“Oh, right,” I said. “I forgot to add the exception to the hook that tells it that it can immediately approve anything pushed by Greenlight.” The hook can assume that if the push comes from Greenlight, it has already been checked and authorized.

Pushes are happening via SSH, and Greenlight has its own SSH identity, which is passed to the hook itself in the GL_USERNAME variable. Modifying the hook was easy: I just added:

if environ["GL_USERNAME"] == 'greenlight':
exit(0)

This didn't work. My first idea was that Greenlight's public SSH key had not been installed in the authorized_keys file in the right place. When I grepped for greenlight in the authorized_keys file, there were no matches. The key was actually there, but in Gitlab the authorized_keys file doesn't have actual usernames in it. It has internal userids, which are then mapped to GL_USERNAME variables by some other entity. So I chased that wild goose for a while. Eventually I determined that the key was in the right place, but that the name of the Greenlight identity on the receiving side was not greenlight but bot-greenlight, which I had forgotten.

So I changed the exception to say:

if environ["GL_USERNAME"] == 'bot-greenlight':
exit(0)

and it still didn't work. I eventually discovered that when Greenlight did the push, the GL_USERNAME was actually set to mjd.

“Oh, right,” I said. “I forgot to have Greenlight use its own SSH credentials in the ssh connection.”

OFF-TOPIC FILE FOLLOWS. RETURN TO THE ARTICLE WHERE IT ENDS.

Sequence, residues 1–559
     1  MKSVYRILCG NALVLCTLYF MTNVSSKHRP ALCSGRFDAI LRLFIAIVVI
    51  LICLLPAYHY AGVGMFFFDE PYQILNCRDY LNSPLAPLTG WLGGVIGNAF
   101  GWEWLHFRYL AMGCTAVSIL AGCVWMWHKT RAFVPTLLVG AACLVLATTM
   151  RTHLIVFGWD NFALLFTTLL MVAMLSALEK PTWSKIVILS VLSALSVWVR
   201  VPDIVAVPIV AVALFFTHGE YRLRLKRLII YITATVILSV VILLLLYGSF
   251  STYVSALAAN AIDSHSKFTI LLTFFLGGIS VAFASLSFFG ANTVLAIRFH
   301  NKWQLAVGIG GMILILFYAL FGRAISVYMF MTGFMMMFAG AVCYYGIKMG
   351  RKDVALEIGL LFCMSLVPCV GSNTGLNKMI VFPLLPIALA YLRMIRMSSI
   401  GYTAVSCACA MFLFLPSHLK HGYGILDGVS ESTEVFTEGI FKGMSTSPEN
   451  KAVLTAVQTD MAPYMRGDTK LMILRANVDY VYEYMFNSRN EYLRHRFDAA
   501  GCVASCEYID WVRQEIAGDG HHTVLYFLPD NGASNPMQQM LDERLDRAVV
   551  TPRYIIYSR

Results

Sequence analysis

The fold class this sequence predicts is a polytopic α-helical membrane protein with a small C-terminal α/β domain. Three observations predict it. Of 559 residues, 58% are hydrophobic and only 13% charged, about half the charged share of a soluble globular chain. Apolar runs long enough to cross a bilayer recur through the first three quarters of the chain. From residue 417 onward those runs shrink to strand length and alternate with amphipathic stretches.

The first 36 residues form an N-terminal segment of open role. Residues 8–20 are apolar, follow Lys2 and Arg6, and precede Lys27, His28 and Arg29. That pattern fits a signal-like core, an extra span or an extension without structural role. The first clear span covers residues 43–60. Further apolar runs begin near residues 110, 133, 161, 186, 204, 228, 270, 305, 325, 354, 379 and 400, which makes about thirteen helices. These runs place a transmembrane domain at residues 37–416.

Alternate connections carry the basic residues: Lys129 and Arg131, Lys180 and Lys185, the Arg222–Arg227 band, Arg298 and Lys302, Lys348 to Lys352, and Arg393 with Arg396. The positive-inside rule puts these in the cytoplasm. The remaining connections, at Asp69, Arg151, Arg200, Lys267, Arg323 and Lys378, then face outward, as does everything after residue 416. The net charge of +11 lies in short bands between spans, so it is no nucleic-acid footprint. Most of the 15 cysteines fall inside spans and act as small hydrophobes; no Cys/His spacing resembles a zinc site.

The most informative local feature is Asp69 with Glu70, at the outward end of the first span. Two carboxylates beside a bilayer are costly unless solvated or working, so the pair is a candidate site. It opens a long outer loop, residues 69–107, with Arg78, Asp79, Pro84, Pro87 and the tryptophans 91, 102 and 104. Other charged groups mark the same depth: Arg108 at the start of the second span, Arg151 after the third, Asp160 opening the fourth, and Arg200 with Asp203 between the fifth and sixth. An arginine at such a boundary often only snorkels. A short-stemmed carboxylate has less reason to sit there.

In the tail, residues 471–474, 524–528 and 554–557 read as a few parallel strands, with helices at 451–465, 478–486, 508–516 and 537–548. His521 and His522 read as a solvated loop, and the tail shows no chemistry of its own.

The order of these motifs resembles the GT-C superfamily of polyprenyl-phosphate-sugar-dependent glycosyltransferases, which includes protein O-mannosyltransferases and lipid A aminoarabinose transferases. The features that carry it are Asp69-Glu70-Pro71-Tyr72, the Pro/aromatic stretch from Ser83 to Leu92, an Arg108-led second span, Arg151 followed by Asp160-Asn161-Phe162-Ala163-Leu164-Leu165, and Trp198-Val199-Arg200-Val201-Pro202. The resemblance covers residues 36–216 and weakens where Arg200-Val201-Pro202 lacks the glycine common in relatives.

The way you do this is to write a little wrapper program that obtains the correct credentials and runs ssh, and then you set GIT_SSH to point to the wrapper. It looks like this:

#!/usr/bin/env bash

export -n SSH_CLIENT SSH_TTY SSH_AUTH_SOCK SSH_CONNECTION
exec /usr/bin/ssh -i $HOME/.ssh/identity "$@"

But wait, why hadn't I noticed this before? Because, apparently, every single person who had alpha-tested Greenlight had had their own credentials stored in ssh-agent, and every single one had had agent-forwarding enabled, so that when Greenlight tried to use ssh to connect to the Git repository, SSH duly forwarded their credentials along and the pushes succeeded. Amazing.

With these changes, the publication went through. I committed the changes to the SSH credential stuff, and some other unrelated changes, and I looked at what was left to see what had actually fixed the original bug. Every change but one was to add diagnostic messages and logging. The fix for the original bug had been to replace the nested context managers with a single context manager. This was so unexpected that I wondered if the real problem was nondeterministic and if some of the debugging messages had somehow perturbed it. But I removed everything but the context manager change and ran another test, which succeeded. By then I was five and half hours into the debugging and I didn't have any energy left to actually understand what the problem had been. I still don't know.

If you'd like to play along at home, the context manager looks like this, and did not change during the debugging process:

from contextlib import contextmanager

@contextmanager
def env_var(*args):

# Save old values of environment variables in old
# A saved value of None means that the variable was not there before
old = {}
for i in range(len(args)//2):
(key, value) = (args[2*i : 2*i+2])
old[key] = None
if key in os.environ:
old[key] = os.environ[str(key)]

if value is None: os.environ.pop(str(key), "dummy")
else:
os.environ[str(key)] = str(value)

yield

# Undo changes from versions saved in old
for (key, value) in old.items():
if value is None: os.environ.pop(str(key), "dummy")
else:             os.environ[str(key)] = value

I suspect I'm being sabotaged somewhere by Python's weird implicit ideas of scope and variable duration, but I don't know. Yet.

This computer stuff is amazingly complicated. I don't know how anyone gets anything done.

[ Addendum 20181204: I figured it out. ]